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A new policy entrepreneur in Brussels? The European Parliament under the Treaty of Lisbon

Hae-Won Jun
Korea National Diplomatic Academy
Hae-Won Jun
Korea National Diplomatic Academy
Open Panel

Abstract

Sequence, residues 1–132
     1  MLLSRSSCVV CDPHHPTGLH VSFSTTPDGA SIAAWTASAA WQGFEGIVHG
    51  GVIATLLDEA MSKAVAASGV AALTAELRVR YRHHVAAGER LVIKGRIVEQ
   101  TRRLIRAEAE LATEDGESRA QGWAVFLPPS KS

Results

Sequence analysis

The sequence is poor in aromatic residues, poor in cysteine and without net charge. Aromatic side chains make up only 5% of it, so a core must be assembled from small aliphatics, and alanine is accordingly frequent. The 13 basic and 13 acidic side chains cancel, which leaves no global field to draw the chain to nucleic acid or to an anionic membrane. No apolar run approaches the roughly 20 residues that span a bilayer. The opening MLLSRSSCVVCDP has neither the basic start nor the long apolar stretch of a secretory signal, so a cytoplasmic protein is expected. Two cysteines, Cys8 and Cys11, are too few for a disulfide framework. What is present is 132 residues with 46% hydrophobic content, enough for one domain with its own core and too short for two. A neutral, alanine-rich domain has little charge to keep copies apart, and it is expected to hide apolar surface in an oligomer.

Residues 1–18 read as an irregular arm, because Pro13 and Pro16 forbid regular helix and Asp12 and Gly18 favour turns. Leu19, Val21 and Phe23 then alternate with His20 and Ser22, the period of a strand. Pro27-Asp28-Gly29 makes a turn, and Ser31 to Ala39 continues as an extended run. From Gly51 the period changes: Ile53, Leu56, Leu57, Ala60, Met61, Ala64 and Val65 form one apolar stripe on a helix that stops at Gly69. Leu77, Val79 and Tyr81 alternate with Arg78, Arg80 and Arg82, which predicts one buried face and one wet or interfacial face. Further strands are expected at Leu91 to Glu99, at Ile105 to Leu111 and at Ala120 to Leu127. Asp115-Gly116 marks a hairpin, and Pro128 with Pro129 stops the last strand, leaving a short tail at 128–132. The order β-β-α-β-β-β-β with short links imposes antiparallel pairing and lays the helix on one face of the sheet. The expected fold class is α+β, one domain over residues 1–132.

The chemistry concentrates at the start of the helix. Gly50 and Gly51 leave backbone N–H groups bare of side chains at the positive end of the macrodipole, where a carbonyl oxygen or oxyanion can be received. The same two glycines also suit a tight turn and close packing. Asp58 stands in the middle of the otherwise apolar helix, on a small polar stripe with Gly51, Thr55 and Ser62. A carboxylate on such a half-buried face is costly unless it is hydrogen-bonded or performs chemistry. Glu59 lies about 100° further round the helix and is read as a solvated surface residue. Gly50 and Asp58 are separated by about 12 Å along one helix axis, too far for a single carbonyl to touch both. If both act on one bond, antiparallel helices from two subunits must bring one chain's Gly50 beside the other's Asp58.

As the Treaty of Lisbon took into force in December 2009, the European Parliament gained new powers in the EU’s external relations. Based on the newly treaty-given competences, the EP tried to maximize its influence over the EU-Korea Free Trade Agreement, the Anti-Counterfeiting Trade Agreement (ACTA), the EU-US Passenger Name Record agreement, and the EU-US SWIFT agreement, and the European External Action Service. In contrast to its insignificant performance in the area of external security, such activeness of the EP in other fields of external relations is highly notable and begs a question on the EP’s role in the EU’s external relations: under what conditions does the EP play a policy-maker in the EU’s external relations? This paper attempts to answer this question by applying the literature of agenda-setting for the first one year of the entry into force of the Lisbon Treaty. It argues that enhancing its institutional status is merely one of the motivations for the EP to take maximalist approach to interpret its competences indicated in the treaty. For successfully inducing other actors such as the Council of the EU and the European Commission to accept such interpretation, the EP needs to justify its empowerment in terms of possible policy outcomes. The EP needs to prove that its participation in the policy-making process should improve the policy-making process and produce better policy outcomes than otherwise. More specifically, the EP’s agenda-setting requires three elements of policy environments: public consensus on the saliency of the issue, interests to represent, and relevance with left-right ideology. This paper will compare the EP’s exercise of its newly gained power in the EU’s external relations in different policy areas.